i) why these doped catalysts form water in the preferred 4e-ORR mechanism over the peroxide formation found in undoped graphene.
ii) how to improve these catalysts, so that ORR can occur in the preferred acidic environment.
We used the PBE flavor density functional theory (DFT) with the SeqQUEST code2to calculate the binding energies, onset potential, and reaction barriers for ORR using either bromine, chlorine or iodine as the hetero-atom dopants on edge halogenated graphene-nanosheets. We examined both the zig-zag and armchair edges and find that the ORR intermediates bind to the zig-zag edges more strongly than the armchair. We find that the ORR intermediate species HOO does not bind to the basal plane. Thus, the ORR occurs on the graphene edges and not on the basal plane surface. We also find that the halide doped graphene zig-zag and armchair edges lead to a skewed geometry due to nonbonded interactions of the halogen with each other on the adjacent edge sites.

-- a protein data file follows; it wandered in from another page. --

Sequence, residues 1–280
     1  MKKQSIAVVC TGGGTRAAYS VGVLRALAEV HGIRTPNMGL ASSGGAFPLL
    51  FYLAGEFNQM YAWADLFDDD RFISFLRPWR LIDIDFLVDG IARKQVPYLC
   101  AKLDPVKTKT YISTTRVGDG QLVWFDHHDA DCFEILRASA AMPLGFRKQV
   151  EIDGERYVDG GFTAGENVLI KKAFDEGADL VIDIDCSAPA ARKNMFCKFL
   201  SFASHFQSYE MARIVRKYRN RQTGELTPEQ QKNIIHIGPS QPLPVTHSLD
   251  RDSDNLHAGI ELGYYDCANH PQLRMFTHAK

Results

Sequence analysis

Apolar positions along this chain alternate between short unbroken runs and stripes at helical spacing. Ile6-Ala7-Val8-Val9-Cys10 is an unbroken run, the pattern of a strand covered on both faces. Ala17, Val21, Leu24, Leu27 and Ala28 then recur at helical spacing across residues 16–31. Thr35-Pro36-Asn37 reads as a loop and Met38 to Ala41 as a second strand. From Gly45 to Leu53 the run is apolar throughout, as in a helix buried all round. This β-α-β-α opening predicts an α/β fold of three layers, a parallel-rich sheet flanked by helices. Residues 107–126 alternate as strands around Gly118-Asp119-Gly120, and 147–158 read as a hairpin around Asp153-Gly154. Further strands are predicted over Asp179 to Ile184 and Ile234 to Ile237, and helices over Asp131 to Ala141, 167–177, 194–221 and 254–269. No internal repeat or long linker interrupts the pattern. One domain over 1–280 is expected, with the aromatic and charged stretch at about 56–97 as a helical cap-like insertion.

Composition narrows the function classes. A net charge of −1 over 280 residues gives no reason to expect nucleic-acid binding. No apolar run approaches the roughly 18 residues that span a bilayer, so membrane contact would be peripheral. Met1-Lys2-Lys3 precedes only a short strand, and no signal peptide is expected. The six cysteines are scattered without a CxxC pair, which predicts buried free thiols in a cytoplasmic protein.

Although the ORR intermediate species bind more strongly on the zigzag edges, our results predict that ORR occurs in the armchair edges based on the predicted onset potential calculation that agree well with experiments (Cl: 0.95 V, Br: 0.70 V, I: 0.72 V). We used nudged elastic band (NEB) calculations in conjunction with the CANDLE water solvation method3 to predict the potential dependent barriers4of the ORR.
The dissociation of O2 in the second step of the ORR indicates that halogen doped graphene favor the 4e- pathway. In addition, the barrier to form –OH is much lower on the halide graphene edges than undoped graphene. Based on the calculated barriers, we conclude that iodine-doped graphene has the lowest thresholds water formation (0.56 eV at 0.72 V), which we find to be the rate determine step (RDS). This is in agreement with ORR activity of experimental results indicating iodine doped graphene performs better than bromine-doped, chlorine-doped, and undoped1.
1. I. Y. Jeon, H. J. Choi, M. Choi, J. M. Seo, S. M. Jung, M. J. Kim, S. Zhang, L. Zhang, X. Zhenhai, L. Dai, N. Park and J. B. Baek, Scientific Reports 3(1810), 1-7 (2013).
2. P. Schultz, (SEQQUEST, Sandia National Laboratory).
3. R. Sundararaman and W. A. Goddard, J Chem Phys 142(6), 064107 (2015).